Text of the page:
No, I have no savings at all. I’m working on it though. The goal is to have at least P20,000 saved by December 10 (excluding my 13th month and other bonuses). I know that for the veterans of the art of saving, P20,000 is nothing, but for me, it would be a big deal. 

Are you a good saver? If so, what's your #1 saving tip? 
Well...no. I’ve read a lot of saving tips, but none of them work for me if I can get to my money. I know there are ways to do it where you won’t be able to get to your money, but I can never seem to bring myself to commit to those. I never thought I’d be so into shopping. 

Do you live alone? Nope! 

If not, do you contribute to your family's household expenses?
The only expense I contribute to is the monthly electric bill. Apart from that, my other monthly expenses include my phone bill, gas, groceries, and gym membership. I live with my family so there’s no rent and they feed me. But the only meals I eat at home, if at all, are dinner on weekdays and lunch and dinner on weekends. 

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What does financial independence mean to you?
Financial independence would mean not living paycheck to paycheck. Honestly, when I started working, I thought I’d be there by now. You would think so too, because it’s not like I have a lot of financial obligations. I essentially spend all my money on myself, 50% of which goes into my tummy. In the case of some people, I think they would see financial independence as living alone, entirely independent of others, living solely off of what you make. For me, it’s not so much that, but more just knowing how to manage your money better, making better decisions about expenses, and having savings or emergency cash. What I lack is control. If I don’t spend on me, I’ll spend on you. Seriously, if I can afford it, I burn that paper like global warming isn’t a thing. I’m working toward a certain level of maturity and discipline with my money that I believe is what I need to be financially independent.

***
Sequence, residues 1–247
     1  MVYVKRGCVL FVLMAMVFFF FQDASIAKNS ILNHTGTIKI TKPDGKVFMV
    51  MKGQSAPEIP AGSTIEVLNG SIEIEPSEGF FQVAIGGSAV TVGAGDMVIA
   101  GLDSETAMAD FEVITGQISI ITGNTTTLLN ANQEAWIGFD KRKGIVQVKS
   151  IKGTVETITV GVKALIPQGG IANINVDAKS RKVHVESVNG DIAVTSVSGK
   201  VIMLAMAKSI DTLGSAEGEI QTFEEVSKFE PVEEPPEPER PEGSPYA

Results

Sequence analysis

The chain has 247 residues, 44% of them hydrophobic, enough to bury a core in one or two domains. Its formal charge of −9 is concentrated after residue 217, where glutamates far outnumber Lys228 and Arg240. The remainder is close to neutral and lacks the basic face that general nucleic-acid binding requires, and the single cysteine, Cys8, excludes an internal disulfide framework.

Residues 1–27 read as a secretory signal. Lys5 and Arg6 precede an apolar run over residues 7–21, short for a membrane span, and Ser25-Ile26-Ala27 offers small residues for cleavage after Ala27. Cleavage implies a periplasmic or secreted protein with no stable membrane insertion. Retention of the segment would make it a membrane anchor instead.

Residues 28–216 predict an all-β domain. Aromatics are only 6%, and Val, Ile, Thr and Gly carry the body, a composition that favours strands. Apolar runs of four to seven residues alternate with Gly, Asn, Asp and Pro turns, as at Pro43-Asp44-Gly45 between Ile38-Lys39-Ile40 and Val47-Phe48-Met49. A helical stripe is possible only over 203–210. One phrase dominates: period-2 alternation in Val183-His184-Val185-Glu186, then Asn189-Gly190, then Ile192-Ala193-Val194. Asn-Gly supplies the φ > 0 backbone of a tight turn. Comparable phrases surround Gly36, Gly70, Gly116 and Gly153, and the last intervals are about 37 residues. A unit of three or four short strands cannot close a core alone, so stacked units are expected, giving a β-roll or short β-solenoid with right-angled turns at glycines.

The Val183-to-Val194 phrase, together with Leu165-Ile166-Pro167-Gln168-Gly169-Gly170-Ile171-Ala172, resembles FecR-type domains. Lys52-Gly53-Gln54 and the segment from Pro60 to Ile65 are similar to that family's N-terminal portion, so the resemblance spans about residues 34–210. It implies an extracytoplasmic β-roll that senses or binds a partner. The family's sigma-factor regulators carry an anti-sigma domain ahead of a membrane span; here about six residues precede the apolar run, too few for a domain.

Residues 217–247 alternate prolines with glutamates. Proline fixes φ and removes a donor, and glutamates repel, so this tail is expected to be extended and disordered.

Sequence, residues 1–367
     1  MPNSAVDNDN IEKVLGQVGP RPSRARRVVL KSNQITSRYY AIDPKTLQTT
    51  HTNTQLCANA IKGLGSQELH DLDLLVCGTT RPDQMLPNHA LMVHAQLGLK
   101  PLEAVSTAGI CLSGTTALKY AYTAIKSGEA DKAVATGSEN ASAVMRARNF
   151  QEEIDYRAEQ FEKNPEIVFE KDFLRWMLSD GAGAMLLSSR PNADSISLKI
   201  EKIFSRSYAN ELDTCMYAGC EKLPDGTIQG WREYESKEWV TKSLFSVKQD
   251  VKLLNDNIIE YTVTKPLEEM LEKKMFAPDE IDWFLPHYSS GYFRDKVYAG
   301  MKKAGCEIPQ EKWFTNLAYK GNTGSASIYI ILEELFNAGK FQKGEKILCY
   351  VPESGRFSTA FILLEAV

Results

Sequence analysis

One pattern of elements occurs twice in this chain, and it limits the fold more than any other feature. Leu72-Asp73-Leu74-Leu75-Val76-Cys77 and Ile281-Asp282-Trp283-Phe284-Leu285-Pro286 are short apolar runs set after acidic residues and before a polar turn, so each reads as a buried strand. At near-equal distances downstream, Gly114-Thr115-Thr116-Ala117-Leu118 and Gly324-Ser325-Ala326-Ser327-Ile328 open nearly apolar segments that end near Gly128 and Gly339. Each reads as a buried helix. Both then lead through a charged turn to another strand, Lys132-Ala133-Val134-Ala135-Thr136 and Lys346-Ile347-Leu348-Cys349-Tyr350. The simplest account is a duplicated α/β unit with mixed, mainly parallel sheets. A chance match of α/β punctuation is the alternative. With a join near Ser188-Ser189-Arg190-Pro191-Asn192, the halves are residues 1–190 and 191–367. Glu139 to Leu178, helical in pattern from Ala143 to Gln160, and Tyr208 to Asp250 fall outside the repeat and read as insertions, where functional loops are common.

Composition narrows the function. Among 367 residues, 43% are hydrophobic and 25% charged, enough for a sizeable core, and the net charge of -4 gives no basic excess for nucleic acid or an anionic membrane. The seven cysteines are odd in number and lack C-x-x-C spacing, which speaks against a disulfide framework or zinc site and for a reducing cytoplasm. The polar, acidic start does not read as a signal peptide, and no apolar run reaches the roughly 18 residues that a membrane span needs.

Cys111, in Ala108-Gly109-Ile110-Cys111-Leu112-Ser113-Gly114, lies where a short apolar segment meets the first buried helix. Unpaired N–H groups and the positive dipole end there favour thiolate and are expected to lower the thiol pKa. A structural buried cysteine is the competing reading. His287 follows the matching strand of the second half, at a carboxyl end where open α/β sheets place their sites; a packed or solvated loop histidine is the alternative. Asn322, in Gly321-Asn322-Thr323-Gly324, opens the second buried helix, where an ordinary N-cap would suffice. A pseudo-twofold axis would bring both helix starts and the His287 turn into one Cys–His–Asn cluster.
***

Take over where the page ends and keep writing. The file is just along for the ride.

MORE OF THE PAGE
Think about the industry you’re in and the amount of work that you do. Do you think you’re being compensated fairly? 
There are times I actually feel guilty about the compensation when I don’t do that much on a regular basis. I’m not saying I don’t do anything; it’s just that my work is very seasonal. If we have a research project or reports to churn out, sometimes it can take away my weekends consecutively or have me working over 12-hour work days. But there are also days like today, where I have so much time, I’ve binge watched 2 seasons of FRIENDS
Also, we don’t get overtime pay; we offset all our overtime, even the ones rendered on weekends and holidays. So when I feel guilty, I just remember all that stuff and we call it even. 

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Do you feel any pressure to live or spend a certain way?
The only financial pressures I feel are from myself. I don’t worry about money a lot, I don’t think about it a lot either, but when I do, I feel disappointed in myself. When I first started working, I had relatives come up and ask during gatherings if I’d been saving and stuff, but these questions have since stopped. 

What are your financial goals by the time you’re 30?
I believe I’m going to the States in 2020, so the goal would be to be financially stable enough that I’d be granted a visa before then and have enough money to spend for the period of time that I’m there, that won’t leave me broke AF when I get back. 

Is retirement something you worry about right now? Why or why not?
No, retirement is not something I worried about up until before I was asked this question. Should I be worrying about retirement? Somebody explain this to me. 

Up Next: Amy, 26. Monthly income range: P12,000 - P13,000.

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Name: Amy

Age: 26

Occupation: Interior Designer

Industry: Interior Design

Monthly income range: P12,000 - P13,000

Is this your first job? No, I used to work in a different industry for a short period of time before I decided I wanted to switch careers.

How long have you been working? In my current industry? Six months!

Do you worry about money? 
ALL THE TIME. 

Do you have an emergency fund? 
Kind of, but I'm still trying to build that up. 

Are you a good saver? If so, what's your #1 saving tip?